Over 70 Percent Of Shoppers Will Make Back-To-School Purchases In-Store
And 30 percent will look to mobile coupon apps for deals, according to research from ChargeItSpot.
In the final weeks of the back-to-school sales push, it appears that consumers will turn primarily to brick-and-mortar: Over 70 percent of shoppers will purchase their school-related items in physical stores — versus just 30 percent who plan to shop online, according to new research from ChargeItSpot.
Back-to-school shopping season has been in swing for several weeks. But these findings indicate that there’s still time for retailers to boost foot traffic from consumers looking to shop in stores to peruse products in person or avoid shipping hassles.
The best way for retailers to reach late-August back-to-school shoppers? Mobile.
It’s hardly news that customers shop with their smartphones in hand: As we wrote in 2015, 90 percent use their mobile devices to do product research, price comparisons, and more while browsing in stores. But this year, a reported 30 percent will search for deals on mobile coupon apps, ChargeItSpot finds.
“Back-to-school shopping is one of the busiest shopping seasons for retailers,” said Douglas Baldasare, CEO and founder of ChargeItSpot. “With school supplies becoming more expensive and more high-tech, our findings show that parents are serious about finding the best deals. Mobile coupon apps are their top choice for on-the-go shopping trips.”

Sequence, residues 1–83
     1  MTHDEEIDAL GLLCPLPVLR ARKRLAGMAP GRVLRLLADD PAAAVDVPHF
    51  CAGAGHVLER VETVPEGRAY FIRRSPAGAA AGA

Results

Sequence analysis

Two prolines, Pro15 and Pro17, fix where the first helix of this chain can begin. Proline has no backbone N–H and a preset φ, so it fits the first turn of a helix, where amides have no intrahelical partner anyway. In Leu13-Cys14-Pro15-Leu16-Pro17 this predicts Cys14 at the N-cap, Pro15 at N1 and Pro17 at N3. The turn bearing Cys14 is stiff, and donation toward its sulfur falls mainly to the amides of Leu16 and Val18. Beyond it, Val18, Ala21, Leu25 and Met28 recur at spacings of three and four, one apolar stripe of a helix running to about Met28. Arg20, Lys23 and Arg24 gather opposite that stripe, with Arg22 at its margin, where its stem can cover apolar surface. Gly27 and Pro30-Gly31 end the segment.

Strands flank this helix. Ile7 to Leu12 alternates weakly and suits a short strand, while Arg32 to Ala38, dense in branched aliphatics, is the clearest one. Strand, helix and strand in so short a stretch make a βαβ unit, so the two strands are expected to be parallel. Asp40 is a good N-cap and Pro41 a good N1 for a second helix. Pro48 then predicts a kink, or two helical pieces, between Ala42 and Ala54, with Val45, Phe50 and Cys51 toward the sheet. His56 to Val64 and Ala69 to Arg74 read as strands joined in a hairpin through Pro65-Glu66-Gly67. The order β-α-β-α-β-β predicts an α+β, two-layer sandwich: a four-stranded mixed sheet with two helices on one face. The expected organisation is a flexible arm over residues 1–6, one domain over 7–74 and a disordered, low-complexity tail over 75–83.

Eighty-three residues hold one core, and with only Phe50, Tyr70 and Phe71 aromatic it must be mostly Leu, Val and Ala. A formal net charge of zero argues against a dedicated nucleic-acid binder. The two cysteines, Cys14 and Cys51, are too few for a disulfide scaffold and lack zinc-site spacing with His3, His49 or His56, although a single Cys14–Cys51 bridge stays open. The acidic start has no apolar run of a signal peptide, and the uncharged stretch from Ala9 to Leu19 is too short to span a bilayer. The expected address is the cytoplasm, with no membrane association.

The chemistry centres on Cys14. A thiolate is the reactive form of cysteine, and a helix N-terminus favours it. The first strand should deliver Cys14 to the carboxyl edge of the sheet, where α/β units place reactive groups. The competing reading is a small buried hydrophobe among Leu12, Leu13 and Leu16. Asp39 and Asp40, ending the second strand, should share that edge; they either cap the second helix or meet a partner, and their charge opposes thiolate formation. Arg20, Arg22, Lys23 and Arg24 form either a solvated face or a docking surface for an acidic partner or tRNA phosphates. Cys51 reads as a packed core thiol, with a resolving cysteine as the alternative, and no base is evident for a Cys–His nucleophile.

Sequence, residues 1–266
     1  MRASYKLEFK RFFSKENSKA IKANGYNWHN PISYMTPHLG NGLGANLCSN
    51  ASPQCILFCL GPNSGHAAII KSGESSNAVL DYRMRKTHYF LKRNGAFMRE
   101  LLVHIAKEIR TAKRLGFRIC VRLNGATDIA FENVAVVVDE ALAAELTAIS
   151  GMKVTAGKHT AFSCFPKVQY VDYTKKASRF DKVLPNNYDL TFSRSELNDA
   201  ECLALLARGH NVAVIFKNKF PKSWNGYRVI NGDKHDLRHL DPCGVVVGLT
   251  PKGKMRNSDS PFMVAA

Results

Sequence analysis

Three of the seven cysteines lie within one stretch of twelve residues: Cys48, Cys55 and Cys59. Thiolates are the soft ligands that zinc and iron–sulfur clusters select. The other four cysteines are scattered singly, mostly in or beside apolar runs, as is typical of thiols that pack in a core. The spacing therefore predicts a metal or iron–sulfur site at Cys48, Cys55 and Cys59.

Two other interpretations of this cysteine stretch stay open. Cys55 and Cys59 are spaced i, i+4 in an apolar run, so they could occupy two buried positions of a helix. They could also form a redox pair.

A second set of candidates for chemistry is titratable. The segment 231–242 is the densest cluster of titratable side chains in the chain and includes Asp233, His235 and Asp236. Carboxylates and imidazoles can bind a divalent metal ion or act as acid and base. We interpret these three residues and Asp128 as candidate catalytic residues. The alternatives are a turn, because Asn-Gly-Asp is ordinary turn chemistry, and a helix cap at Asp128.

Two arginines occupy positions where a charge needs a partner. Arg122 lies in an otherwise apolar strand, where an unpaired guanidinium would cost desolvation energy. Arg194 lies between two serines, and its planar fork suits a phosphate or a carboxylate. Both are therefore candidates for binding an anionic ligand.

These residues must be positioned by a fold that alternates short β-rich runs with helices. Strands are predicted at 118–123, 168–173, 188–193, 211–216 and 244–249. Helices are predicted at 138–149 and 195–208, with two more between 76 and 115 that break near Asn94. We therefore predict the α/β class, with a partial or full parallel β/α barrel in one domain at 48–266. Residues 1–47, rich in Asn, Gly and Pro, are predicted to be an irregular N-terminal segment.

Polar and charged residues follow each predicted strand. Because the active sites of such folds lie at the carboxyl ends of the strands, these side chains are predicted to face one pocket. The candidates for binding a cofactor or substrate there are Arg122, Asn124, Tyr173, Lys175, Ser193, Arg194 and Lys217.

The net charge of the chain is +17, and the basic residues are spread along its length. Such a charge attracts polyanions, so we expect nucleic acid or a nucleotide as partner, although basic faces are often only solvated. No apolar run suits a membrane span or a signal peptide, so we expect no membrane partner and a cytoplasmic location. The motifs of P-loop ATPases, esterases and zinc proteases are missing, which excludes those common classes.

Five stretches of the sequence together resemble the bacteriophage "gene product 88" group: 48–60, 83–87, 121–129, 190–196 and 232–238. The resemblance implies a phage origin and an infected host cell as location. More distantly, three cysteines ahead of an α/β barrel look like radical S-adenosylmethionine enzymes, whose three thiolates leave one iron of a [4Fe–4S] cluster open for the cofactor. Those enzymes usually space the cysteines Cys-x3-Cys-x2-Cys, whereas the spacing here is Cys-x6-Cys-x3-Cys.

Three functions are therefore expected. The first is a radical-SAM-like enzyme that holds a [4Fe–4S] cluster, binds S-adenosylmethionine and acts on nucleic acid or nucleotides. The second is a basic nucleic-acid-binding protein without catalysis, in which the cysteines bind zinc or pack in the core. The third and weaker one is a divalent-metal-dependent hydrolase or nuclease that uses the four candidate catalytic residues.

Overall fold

So, what’s the takeaway for retailers? Delivering relevant deals and offers on mobile matters — as does taking advantage of the way search has transformed so that shoppers can find their store locations, period. For example, growth in mobile searches for local places without a location qualifier (“near me,” zip code) has outpaced searches that do include “near me” — a trend that indicates that location relevance is now all but assumed by consumers.
As such, marketers need to make sure that their location and inventory data is correct and listed across platforms, so that they show up in unbranded local searches without a location qualifier — like when someone types in only “school supplies” or “school clothes.” Local brick-and-mortars need able to provide the answers that people want when they make on-the-go searches via voice or text.
“People [now] know that the results will automatically be relevant to their location — thanks to their phone,” said Google’s Lisa Gevelber. “It’s kind of magical.”